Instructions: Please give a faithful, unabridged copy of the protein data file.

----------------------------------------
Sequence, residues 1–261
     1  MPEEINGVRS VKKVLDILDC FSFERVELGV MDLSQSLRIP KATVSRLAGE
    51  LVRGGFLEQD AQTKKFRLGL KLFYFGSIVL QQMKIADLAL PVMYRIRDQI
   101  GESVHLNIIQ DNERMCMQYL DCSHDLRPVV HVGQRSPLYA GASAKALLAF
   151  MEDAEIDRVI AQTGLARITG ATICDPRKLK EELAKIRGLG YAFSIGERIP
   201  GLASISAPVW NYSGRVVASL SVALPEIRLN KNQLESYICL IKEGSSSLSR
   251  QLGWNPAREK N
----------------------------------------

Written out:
Sequence, residues 1–261
     1  MPEEINGVRS VKKVLDILDC FSFERVELGV MDLSQSLRIP KATVSRLAGE
    51  LVRGGFLEQD AQTKKFRLGL KLFYFGSIVL QQMKIADLAL PVMYRIRDQI
   101  GESVHLNIIQ DNERMCMQYL DCSHDLRPVV HVGQRSPLYA GASAKALLAF
   151  MEDAEIDRVI AQTGLARITG ATICDPRKLK EELAKIRGLG YAFSIGERIP
   201  GLASISAPVW NYSGRVVASL SVALPEIRLN KNQLESYICL IKEGSSSLSR
   251  QLGWNPAREK N